[Python-ideas] Removing the del statement
george.sakkis at gmail.com
Fri Sep 28 03:47:02 CEST 2007
I guess this has very few to zero chances of being considered, even for
Python 3, but this being python-ideas I guess it's ok to bring it up. IMO
the del statement is one of the relatively few constructs that stick out
like a sore thumb. For one thing, it is overloaded to mean three different
1) del x: Remove x from the current namespace
2) del x[i]: Equivalent to x.__delitem__(i)
3) del x.a: Equivalent to x.__delattr__('a') and delattr(x,'a')
Here I am mostly arguing for removing the last two; the first could also be
removed if/when Python gets block namespaces, but it is orthogonal to the
others. I don't see the point of complicating the lexer and the grammar with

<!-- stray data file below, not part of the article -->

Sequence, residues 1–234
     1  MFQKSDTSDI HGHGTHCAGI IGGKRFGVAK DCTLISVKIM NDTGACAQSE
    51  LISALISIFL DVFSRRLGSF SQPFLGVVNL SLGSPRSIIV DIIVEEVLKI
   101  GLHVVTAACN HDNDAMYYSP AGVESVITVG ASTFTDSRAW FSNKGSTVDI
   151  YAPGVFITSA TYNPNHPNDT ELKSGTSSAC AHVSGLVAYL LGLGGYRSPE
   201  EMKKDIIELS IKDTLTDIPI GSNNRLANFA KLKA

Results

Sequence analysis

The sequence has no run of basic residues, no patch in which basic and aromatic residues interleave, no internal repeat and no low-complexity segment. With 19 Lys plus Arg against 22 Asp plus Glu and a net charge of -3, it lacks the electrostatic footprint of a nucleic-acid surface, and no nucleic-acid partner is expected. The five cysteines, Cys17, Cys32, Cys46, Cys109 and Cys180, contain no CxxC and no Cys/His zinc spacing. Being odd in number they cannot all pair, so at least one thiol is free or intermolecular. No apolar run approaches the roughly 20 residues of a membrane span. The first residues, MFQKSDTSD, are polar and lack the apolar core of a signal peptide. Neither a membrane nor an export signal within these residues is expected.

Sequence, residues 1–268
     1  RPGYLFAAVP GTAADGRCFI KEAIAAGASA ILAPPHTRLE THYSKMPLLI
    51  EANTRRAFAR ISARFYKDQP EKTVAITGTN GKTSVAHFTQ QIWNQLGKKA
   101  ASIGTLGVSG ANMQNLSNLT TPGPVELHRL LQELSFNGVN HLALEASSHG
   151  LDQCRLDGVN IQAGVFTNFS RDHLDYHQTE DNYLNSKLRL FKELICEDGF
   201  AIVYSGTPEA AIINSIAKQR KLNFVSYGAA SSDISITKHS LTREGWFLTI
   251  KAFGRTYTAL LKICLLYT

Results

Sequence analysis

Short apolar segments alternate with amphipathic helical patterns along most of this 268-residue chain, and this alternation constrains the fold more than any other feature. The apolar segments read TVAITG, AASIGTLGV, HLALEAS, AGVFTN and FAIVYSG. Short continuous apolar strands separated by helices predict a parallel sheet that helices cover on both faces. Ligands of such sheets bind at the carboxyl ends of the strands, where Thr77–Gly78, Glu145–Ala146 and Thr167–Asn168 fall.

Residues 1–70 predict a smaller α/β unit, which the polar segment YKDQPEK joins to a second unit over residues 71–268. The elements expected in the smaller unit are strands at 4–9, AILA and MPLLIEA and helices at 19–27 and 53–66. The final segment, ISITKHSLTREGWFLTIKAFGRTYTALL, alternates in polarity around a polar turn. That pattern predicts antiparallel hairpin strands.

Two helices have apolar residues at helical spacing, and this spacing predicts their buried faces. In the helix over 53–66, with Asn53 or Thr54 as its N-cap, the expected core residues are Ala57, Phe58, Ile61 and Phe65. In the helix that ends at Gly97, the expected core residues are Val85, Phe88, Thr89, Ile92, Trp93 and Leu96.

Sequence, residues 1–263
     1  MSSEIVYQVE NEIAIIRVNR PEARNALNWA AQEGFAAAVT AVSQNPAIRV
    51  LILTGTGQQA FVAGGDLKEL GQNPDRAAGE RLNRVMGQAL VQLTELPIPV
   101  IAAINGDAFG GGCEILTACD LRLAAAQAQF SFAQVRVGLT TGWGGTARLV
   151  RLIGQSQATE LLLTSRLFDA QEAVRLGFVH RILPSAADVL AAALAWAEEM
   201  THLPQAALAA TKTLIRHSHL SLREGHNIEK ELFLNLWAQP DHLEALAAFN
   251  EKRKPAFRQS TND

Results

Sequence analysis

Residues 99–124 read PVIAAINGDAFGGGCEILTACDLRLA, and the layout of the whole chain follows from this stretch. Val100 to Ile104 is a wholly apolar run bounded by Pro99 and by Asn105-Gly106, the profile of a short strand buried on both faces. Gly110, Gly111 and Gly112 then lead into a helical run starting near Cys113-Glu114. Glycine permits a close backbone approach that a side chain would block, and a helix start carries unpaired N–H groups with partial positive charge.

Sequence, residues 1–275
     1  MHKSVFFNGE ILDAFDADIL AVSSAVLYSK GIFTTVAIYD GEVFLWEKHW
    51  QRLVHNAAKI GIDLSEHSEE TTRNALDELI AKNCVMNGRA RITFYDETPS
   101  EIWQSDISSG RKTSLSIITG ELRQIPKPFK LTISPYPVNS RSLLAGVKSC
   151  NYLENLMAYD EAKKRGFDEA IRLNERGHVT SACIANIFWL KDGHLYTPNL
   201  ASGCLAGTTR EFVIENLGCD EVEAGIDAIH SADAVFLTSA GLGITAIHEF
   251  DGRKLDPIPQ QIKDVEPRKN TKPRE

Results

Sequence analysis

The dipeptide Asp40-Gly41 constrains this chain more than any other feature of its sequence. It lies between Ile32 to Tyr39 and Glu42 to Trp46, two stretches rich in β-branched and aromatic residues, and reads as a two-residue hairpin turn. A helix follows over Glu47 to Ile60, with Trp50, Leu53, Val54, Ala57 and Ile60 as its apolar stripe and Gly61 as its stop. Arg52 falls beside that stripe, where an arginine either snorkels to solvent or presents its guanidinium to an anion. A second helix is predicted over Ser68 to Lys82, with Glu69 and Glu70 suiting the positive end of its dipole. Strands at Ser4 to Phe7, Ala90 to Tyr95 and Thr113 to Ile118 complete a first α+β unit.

an extra keyword and statement for something that is typically handled by a
method (my preference), or at least a generic (bulitin) function like len().
The last case is especially superfluous given that there is both a special
method and a generic builtin (delattr) that does the same thing. Neither
item nor attribute deletion are so pervasive to be granted special treatment
at the language level.
I wonder if this was considered and rejected in the Py3K discussions; PEP
3099 doesn't mention anything about it.
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